Nor does it clear up the mystery at all to say, that the Christian world has been in fault; that if they had been as benevolent and active and faithful, and as fervent in prayer, as they ought to have been; the sound of the gospel, accompanied with the power of the Holy Ghost, would long ago have reached all nations. I admit this. Still the great question remains: Why has not God made the Christian world thus benevolent, and active, and faithful, and fervent in prayer? Why has he not actually raised up well qualified ministers in sufficient numbers to accomplish the mighty work of the world's conversion? He raised up Paul and the other apostles; and he raised up Luther and Calvin, and a multitude more. And he could have raised up others in any numbers he chose, as easily as he raised up these. He could have raised up a hundred as easily as ten, and a thousand as easily as a hundred. God has had power to carry his word and his saving work long ago into the midst of China. He has had power to turn the heart of the Emperor and of all his officers to embrace the Christian religion, and to labor for its diffusion through the empire. He has had power to establish churches, schools, colleges, and seminaries there, which should long before this have raised up millions of devoted Christians, and educated thousands and thousands of faithful ministers,-yea, enough to supply the whole empire, and to send the gospel to all the surrounding countries. The mystery of mysteries is, that God, with his infinite power and wisdom and love, has not done this. And the mystery of mysteries this will doubtless be to us, till we have minds large enough to comprehend the infinitude of God's attributes, and the whole system of his works through all past and all future time. The inspired writers do not answer, and do not attempt to answer, the questions which may be raised respecting this subject, or respecting the conversion of some sinners in Christian lands, while others are passed by. They attempt to solve no part of this great mystery. They teach us, what is highly important for us to know, that God, in all these things, acts "according to the counsel of his own will," and that his will is infinitely wise and good,-and there they leave the subject;-and they leave it there, that the loftiness of man may be brought low, and that God alone may be exalted.
I shall touch upon one point more, and that is the true spirit of the Christian religion-so widely, so totally different from the spirit of the world. A tribe of cannibals in Sumatra have inhumanly killed and devoured our beloved brethren, who went there from the purest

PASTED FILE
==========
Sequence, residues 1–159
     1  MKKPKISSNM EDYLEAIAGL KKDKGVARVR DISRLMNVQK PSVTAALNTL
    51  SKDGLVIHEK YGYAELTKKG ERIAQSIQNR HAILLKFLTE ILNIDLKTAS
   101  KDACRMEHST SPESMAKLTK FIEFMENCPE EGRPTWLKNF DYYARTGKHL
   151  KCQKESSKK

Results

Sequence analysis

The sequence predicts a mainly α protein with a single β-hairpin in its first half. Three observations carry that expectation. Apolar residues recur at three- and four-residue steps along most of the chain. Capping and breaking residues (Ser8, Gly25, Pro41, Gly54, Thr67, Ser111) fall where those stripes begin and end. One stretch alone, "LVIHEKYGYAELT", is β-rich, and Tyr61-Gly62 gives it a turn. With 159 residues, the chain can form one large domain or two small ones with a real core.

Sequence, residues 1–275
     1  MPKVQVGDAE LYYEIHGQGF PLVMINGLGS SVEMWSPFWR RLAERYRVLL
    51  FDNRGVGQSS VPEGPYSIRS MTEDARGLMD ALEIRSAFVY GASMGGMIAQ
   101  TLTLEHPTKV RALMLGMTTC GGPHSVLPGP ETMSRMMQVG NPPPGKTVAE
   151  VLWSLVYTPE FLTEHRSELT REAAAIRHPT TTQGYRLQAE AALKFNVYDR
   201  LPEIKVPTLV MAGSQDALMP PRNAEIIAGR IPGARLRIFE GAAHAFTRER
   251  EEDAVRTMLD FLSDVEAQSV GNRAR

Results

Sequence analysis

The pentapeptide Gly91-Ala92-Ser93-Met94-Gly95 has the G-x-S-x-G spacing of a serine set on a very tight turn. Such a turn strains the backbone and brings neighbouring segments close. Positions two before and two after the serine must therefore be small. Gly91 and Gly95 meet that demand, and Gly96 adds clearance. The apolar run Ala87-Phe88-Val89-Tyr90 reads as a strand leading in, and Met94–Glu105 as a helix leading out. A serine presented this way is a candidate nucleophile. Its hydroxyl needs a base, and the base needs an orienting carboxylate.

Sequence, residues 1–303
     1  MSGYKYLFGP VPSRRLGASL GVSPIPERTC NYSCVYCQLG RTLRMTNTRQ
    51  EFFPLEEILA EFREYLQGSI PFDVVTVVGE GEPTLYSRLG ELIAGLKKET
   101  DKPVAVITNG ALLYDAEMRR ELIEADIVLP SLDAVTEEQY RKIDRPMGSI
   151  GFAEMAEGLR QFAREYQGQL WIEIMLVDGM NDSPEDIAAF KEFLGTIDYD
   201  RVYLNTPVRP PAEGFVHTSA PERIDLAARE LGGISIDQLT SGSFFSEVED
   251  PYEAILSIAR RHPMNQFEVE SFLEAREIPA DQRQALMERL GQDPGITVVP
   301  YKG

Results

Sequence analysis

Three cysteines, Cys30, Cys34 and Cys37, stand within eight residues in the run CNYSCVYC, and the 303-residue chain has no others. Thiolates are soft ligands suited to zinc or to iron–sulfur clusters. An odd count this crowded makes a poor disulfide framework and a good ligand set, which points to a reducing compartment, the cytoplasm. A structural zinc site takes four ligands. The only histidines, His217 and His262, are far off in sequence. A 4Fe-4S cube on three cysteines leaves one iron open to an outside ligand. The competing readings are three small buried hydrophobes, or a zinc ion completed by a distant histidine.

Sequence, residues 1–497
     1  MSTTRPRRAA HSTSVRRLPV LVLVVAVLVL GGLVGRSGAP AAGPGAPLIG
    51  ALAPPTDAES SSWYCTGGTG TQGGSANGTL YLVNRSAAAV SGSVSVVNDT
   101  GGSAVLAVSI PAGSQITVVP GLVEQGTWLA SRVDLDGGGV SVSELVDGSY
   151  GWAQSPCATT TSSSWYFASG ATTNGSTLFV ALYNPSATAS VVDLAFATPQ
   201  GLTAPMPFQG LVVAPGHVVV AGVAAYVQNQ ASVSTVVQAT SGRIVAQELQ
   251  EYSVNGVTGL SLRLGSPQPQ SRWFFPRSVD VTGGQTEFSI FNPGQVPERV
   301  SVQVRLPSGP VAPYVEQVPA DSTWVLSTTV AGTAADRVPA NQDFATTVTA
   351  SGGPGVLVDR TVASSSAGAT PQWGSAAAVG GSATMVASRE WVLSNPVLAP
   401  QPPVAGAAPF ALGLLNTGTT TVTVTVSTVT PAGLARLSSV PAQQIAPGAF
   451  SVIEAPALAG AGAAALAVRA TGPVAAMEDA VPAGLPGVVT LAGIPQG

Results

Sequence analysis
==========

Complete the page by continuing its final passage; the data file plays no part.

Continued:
benevolence. What now shall we do to avenge the innocent blood of these missionaries? Shall we petition our government to send forth an army to inflict signal punishment upon those monsters of cruelty, and to teach them, that American citizens cannot be injured with impunity? Or shall we pray God to send down fire from heaven to destroy them? No, brethren. The God whom we worship, is the God of love. And our Savior, infinitely merciful himself, requires all his disciples to copy his example, and to cherish a benevolent, compassionate, forgiving temper towards the worst of the human race. And when, after his resurrection from the dead, he commissioned his apostles to go forth to preach the glad tidings of salvation to all the world, he directed them to begin at Jerusalem, where so many prophets and messengers of God had been killed, yes, he directed them to begin the work of benevolence at Jerusalem, in the midst of those who hated him, and had shed his blood! Behold the true spirit of our religion! It is the spirit of meekness, gentleness, and forgiveness. It is the spirit of love-love to enemies, to persecutors, to murderers. Guided by this spirit, let us meditate no return to those who have massacred our beloved missionaries, but to labor and pray for their eternal welfare. Let the officers of our Missionary Board take special pains to send the precious blessings of the gospel to the island of Sumatra, and to the Batta territory in the interior of that island, the place where LYMAN and MUNSON were slain. And let the missionary, selected for the purpose, be solemnly instructed to preach the gospel to the inhabitants of Sumatra, beginning at Batta. With holy confidence in God, let that missionary go forward to his work of mercy among those poor, wretched cannibals. And let him search out the very men who murdered our brethren,—yes, let him be sure to search them out, and begin with them. As they are first in guilt and wretchedness, let him first seek their good. With a heart that pities them, and longs for their salvation, let him proclaim to them the glorious gospel:-Behold I bring you glad tidings. Open your ears to the message of divine love. Jesus died for sinners, for the chief of sinners; and he is able to save to the uttermost. I offer you pardon in his name; pardon for blood-guiltiness, and for all your crimes. Those Christians who sent me to you, have no feeling of revenge. They ask nothing of you, but that you would look unto Jesus, and be happy for ever in his kingdom. Thus let him preach to those degraded, miserable heathen, the unsearchable riches of Christ. And if the grace of God should touch their hearts, and bring them to repentance, and if they should at length be seen at the feet of Jesus, weeping for their sins, and weeping too at the thought of his dying love, and devoting their whole souls to him, and then going about to tell their companions in guilt, that they had found the SAVIOR, and proclaiming his abounding grace to all around them;— Oh! this would be a spectacle, at the sight of which angels would rejoice, and the report of which would fill the hearts of ten thousand believers with holy gladness. And could those two missionaries, now we trust in heaven, hear the blessed tidings of the repentance of their murderers, how would they join with the angels in their rejoicing, while with a pure, Christ-like spirit, they would feel willing to go down again to earth, and bear the pains of a hundred deaths, for the joy of beholding such precious fruits of God's Spirit, and such glorious triumphs of his grace, in the salvation of sinners!